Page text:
Seasonal Variations in the Incidence of Ischemic Stroke, Extracranial and Intracranial Hemorrhage in Atrial Fibrillation Patients


Ischemic stroke (IS) and major bleeding, which are serious adverse events in patients with atrial fibrillation (AF), could have seasonal variations, but there are few reports.Methods and Results:In the Shinken Database 2004-2016 (n=22,018), 3,581 AF patients (average age, 63.5 years; 2,656 men, 74.2%; 1,388 persistent AF, 38.8%) were identified. Median CHADS2and HAS-BLED scores were both 1 point. Oral anticoagulants were prescribed for 2,082 (58.1%) patients (warfarin, 1,214; direct oral anticoagulants [DOACs], 868). Incidence and observation period (maximum 3 years) of IS, extracranial hemorrhage (ECH), and intracranial hemorrhage (ICH) were counted separately for the northern hemisphere seasons. During the mean follow-up period of 2.4 years, there were totals of 90 IS, 73 ECH, and 33 ICH cases. The respective incidence rates per 1,000 patient-years in spring, summer, autumn, and winter were 8.5, 8.8, 7.5, and 16.8 for IS, 7.2, 9.7, 3.8, and 13.1 for ECH, and 2.7, 1.9, 3.8, and 7.0 for ICH. The number of patients with DOACs relatively increased among those with ECH in summer.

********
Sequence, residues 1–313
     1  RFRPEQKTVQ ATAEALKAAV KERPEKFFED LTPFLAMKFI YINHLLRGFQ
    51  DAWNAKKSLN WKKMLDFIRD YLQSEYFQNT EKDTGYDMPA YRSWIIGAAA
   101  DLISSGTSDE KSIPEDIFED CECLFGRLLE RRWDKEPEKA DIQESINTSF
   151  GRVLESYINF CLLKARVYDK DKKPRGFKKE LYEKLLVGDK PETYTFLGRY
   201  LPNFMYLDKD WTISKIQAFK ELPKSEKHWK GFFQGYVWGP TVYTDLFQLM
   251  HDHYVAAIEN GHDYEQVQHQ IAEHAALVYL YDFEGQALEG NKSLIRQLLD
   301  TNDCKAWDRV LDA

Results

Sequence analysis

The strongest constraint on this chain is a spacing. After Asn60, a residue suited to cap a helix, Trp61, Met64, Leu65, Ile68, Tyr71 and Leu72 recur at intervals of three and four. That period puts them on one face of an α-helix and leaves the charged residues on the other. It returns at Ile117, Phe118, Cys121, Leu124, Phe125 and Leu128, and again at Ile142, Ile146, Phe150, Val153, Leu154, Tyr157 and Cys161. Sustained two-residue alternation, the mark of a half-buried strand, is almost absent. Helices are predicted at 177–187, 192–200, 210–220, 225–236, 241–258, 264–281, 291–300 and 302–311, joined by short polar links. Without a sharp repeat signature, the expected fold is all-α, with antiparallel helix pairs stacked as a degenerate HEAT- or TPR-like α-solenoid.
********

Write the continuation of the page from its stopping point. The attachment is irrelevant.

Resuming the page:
Significant seasonal variations were observed for IS, ECH, and ICH events in AF patients, and were consistently the highest in winter. A small peak of ECH was observed in summer, which seemed, in part, to be related to increased DOAC use.